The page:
NY 24 was originally a continuous route between the New York City limits and Hampton Bays when it was assigned as part of the 1930 renumbering of state highways in New York.[1][3] The route was extended into New York City in mid-December 1934. It entered the city on Hempstead Avenue and followed 212th Street, Hillside Avenue, and Queens Boulevard to Skillman Avenue (NY 25). NY 24 joined NY 25 here, overlapping NY 25 (and NY 25A west of Northern Boulevard) along Queens Boulevard and across the Queensboro Bridge into Manhattan. The three routes continued west for several more blocks along 2nd Avenue and 57th Street to Park Avenue (then NY 22 and NY 100), where NY 24, NY 25, and NY 25A all ended.[4] The section of NY 24 between Farmingdale and Riverhead was removed ca. 1936, splitting NY 24 into two pieces.[5][6]

New York City and vicinity

The overlap with NY 25 was extended twice over the next decade. In the late 1930s, NY 25 was realigned to follow Queens Boulevard (NY 24) from Skillman Avenue to Horace Harding Boulevard.[7][8] It was altered again in the early 1940s to use the section of Queens Boulevard between Horace Harding Boulevard and Union Turnpike.[8][9] The concurrency was reduced slightly in the mid-1940s, however, as NY 24 was rerouted to follow the Crosstown Connecting Highway (now the right-of-way of I-278) and Midtown Highway (I-495) to the Queens–Midtown Tunnel. It then continued through the tunnel to end at NY 1A in Manhattan.[9][10] The Crosstown Connection Highway and the Midtown Highway were upgraded into the first portions of the Brooklyn–Queens Expressway (BQE) and the Queens Midtown Expressway, respectively, in the early 1950s. At the time, the Queens Midtown Expressway ended at 61st Street.[11][12]

By 1956, the highway had been renamed the Long Island Expressway (LIE) and extended east to Queens Boulevard. Although NY 24 intersected the highway twice—where it left the LIE at the BQE and at Queens Boulevard—NY 24 still followed the BQE and Queens Boulevard.[13] The portion of the LIE from Queens Boulevard to the Northern State Parkway (now exit 38) was completed in the late 1950s, at which time NY 24 was rerouted to follow the LIE between Manhattan and East Hills. The original routing of NY 24 from the BQE to Farmingdale was then redesignated as NY 24A. However, unlike NY 24 before it, NY 24A left NY 25 at the junction of Queens Boulevard and Hillside Avenue and followed Queens Boulevard and Jamaica Avenue through Queens.[14][15] The portion of NY 24 from Manhattan to the Clearview Expressway was co-signed as I-495 by 1960.[15][16]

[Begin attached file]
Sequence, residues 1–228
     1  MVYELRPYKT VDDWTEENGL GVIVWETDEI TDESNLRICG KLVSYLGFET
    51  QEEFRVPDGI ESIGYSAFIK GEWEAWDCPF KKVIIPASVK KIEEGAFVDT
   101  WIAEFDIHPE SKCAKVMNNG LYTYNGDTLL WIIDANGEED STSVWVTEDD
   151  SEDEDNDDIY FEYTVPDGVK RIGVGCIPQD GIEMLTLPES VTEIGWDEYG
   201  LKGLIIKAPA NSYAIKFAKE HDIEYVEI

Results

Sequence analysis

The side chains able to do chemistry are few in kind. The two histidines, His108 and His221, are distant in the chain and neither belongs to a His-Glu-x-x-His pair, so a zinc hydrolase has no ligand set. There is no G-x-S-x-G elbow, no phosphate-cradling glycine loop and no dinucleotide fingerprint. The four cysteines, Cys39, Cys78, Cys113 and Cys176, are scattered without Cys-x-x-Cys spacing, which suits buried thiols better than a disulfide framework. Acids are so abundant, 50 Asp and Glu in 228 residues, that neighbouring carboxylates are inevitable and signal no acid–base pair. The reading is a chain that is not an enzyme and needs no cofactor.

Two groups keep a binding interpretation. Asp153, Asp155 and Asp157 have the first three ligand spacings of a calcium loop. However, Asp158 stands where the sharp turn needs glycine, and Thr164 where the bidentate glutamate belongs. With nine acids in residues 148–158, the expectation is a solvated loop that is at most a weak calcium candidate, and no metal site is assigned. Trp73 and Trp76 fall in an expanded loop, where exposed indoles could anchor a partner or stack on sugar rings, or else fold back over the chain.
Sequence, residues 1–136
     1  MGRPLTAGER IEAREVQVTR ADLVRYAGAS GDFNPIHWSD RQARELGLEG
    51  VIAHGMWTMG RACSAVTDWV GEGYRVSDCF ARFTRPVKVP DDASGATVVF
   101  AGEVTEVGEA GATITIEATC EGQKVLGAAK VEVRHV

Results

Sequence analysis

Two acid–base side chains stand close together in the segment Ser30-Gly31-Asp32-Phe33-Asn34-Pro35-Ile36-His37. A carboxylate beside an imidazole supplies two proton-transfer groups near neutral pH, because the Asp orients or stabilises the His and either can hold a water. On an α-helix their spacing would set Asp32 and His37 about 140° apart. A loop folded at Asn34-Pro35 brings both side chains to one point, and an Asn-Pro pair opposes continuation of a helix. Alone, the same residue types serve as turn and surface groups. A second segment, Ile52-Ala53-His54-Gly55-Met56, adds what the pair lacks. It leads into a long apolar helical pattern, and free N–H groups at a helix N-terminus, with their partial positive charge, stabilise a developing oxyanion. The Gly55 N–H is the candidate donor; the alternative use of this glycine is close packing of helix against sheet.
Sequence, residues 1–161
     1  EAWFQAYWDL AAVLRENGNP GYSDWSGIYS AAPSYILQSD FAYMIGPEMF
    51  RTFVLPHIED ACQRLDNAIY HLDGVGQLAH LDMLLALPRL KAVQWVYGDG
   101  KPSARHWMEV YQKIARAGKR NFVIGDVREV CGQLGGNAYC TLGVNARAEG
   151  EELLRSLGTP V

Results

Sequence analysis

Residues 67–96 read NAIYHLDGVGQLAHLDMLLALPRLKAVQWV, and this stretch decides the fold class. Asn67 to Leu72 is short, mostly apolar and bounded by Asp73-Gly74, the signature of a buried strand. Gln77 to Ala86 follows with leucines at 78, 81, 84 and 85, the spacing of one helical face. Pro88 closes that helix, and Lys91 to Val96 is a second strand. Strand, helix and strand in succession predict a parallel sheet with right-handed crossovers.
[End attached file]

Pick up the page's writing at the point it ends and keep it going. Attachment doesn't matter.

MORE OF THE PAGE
NY 24 was removed from the LIE and shifted southward to replace NY 24A ca. 1962. However, NY 24 was truncated to begin at the LIE instead.[16][17] On January 1, 1970, NY 24 was truncated again to the junction of Queens Boulevard and Hillside Avenue. This eliminated its overlap with NY 25, which was altered to follow NY 24's former routing through Queens.[18][19] NY 24 was rerouted once more between 1977 and 1981 to follow 212th Street once again to end at NY 25 and I-295.[20][21]

Suffolk County

In Riverhead, NY 24 initially had a brief overlap with the northernmost portion of NY 113 between Riverleigh Avenue (NY 113) and Main Street (NY 25), where both terminated.[22] This concurrency was eliminated by 1970 as NY 113 was truncated to end at NY 24.[18] In the early 1970s, NY 24 was extended westward along a new divided highway following the course of the Peconic River. The roadway began at the Long Island Expressway and ended just south of Riverhead.[18][23] This segment of NY 24 is maintained by Suffolk County and is co-signed as CR 94.[24]

In the 1960s, there was a proposal to build a bypass around the current eastern terminus of the western segment of NY 24. The highway, named the "Republic Bypass", would begin at NY 24 midway between the Nassau–Suffolk County line and NY 110 and would parallel Conklin Street along its north side to Wellwood Avenue, where the bypass would merge with Long Island Avenue. The bypass was part of a plan to re-link the western and eastern segments.[25] Other proposed extensions built by Suffolk County were Suffolk Avenue (CR 100), Furrows Road, Peconic Avenue, and the formerly proposed Central Suffolk Highway (CR 90).[26] The right-of-way for the Central Suffolk Highway can be found beneath the bridge carrying CR 101 bridge over the main line of the Long Island Rail Road.[27]